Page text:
The loans are part of Chrysler's 2009 bankruptcy restructuring when a sudden drop in auto sales, resulting from the collapse of the credit markets, pushed the Auburn Hills, Mich., automaker to the brink of collapse. The company, bailed out by government loans and the United Auto Workers union, is now operated by Italian automaker Fiat SpA.
Chrysler, according to executives familiar with the plan, will use $3.5 billion in bonds, a $2.5 billion loan and about $1.3 billion in cash from Fiat to repay the government loans to the U.S. and Canada.
Chrysler will detail the terms of plan, which will result in the auto company paying back the government loans years ahead of schedule, on Thursday when the bond offering is priced.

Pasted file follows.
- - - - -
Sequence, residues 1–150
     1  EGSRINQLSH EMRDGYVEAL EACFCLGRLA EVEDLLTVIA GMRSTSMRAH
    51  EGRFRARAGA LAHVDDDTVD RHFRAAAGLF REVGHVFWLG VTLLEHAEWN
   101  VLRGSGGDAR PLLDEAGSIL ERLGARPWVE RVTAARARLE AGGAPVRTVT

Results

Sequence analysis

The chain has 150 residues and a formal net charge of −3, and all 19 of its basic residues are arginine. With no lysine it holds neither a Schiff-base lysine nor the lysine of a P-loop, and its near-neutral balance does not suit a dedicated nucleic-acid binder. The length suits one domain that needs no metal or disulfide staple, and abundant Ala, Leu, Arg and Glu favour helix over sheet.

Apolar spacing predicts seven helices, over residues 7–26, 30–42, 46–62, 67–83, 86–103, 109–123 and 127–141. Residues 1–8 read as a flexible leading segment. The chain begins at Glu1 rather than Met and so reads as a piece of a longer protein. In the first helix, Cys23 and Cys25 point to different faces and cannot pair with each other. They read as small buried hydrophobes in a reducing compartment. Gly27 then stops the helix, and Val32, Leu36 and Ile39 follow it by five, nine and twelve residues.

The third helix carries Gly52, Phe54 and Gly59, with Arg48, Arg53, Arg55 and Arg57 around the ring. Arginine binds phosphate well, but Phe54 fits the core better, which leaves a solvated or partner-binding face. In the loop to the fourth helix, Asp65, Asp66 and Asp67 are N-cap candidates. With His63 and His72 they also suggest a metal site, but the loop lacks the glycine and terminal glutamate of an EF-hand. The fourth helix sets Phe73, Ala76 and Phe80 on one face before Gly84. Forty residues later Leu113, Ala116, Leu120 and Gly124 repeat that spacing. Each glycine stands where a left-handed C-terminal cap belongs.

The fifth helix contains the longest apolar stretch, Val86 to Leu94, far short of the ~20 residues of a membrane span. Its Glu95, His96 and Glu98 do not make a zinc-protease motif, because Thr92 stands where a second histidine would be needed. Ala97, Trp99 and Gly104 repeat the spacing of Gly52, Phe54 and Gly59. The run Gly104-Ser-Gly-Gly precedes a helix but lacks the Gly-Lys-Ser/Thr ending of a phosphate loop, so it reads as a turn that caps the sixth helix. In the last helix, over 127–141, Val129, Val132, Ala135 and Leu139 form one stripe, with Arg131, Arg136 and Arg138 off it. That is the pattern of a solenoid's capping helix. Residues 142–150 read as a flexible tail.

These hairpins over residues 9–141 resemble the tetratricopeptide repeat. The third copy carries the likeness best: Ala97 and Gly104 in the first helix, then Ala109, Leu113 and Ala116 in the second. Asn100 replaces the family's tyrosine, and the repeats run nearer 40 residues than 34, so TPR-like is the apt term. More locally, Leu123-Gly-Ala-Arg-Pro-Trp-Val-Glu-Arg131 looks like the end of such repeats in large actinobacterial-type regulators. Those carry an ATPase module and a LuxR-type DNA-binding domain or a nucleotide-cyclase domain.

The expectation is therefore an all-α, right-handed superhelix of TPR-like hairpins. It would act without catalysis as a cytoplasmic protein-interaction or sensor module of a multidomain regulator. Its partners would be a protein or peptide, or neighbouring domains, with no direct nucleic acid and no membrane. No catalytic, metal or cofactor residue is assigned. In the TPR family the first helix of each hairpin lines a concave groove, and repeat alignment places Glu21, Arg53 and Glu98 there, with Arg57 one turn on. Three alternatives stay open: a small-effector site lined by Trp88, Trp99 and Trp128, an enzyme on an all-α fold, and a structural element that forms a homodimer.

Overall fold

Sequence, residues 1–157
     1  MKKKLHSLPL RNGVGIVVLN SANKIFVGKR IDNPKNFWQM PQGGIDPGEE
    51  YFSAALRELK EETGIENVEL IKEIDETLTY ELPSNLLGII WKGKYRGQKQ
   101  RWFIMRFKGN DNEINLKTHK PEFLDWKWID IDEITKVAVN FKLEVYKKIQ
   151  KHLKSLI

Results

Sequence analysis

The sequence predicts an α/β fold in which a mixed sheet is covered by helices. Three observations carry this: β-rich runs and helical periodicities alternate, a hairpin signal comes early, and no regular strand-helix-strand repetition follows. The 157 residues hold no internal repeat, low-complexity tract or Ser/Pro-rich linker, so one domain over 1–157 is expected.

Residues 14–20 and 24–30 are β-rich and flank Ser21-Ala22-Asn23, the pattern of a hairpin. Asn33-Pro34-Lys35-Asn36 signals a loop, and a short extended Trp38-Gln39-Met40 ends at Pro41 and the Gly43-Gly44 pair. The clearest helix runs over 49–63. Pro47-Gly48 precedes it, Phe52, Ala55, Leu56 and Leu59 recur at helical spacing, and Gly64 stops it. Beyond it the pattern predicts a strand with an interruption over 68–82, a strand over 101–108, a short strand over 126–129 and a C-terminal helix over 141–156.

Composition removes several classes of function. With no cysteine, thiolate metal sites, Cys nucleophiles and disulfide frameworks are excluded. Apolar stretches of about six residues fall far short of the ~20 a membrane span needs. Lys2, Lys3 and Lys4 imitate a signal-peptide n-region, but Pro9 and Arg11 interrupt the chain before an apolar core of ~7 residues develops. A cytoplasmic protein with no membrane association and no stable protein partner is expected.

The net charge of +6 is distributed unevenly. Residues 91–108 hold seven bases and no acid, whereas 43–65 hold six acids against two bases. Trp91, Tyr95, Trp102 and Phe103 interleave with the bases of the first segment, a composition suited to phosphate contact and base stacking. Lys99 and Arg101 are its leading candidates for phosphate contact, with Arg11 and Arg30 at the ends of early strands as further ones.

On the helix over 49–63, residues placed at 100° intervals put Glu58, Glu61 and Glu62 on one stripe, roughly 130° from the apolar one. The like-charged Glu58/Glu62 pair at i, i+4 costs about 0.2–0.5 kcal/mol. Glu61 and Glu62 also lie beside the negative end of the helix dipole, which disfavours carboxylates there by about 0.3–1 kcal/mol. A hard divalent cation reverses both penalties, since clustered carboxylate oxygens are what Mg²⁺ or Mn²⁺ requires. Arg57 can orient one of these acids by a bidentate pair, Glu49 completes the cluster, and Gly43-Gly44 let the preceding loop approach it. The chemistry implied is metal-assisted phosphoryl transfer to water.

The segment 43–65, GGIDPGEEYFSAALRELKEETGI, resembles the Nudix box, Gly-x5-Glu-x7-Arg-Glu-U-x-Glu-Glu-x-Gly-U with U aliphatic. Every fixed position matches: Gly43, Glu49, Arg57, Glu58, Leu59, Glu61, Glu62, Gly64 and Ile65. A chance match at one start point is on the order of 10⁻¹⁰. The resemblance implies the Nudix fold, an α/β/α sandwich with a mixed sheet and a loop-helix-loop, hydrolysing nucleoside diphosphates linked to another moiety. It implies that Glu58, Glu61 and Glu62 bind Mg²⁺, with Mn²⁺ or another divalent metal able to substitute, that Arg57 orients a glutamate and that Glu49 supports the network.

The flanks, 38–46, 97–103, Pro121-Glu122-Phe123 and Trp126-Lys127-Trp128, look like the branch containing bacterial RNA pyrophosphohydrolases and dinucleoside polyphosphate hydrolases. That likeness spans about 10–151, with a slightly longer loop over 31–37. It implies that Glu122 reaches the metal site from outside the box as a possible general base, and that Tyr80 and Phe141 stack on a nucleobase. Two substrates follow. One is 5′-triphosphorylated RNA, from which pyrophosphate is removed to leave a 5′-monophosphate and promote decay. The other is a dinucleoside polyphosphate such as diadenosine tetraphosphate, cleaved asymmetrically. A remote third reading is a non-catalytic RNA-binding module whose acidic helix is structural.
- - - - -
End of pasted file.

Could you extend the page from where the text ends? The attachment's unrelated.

In late April, the company announced it would repay the government loans by the end of June.
Repaying the government loans will be a significant step in Chrysler's comeback. The move will lower the company's costs by exchanging the government debt for private-sector debt that carries lower interest rates.
And it has political benefits, too: As the 2012 election season cracks up, many politicians, mostly Republican, are rehashing the controversial move to bail out the automakers.
Under Fiat's leadership, Chrysler has overhauled its vehicle lineup and cut costs. So far the automaker has updated 16 models, and collaboration between the two companies will move the company away from its traditionally truck and SUV heavy lineup.
Fiat has also used the Chrysler alliance to re-launch the Fiat brand in the U.S. this year after a 27-year hiatus.
Separately, Chrysler this week obtained preliminary approvals from a federal patent examiner in its bid to trademark "Imported from Detroit," the ad slogan of the marketing campaign it kicked off in last February's Super Bowl.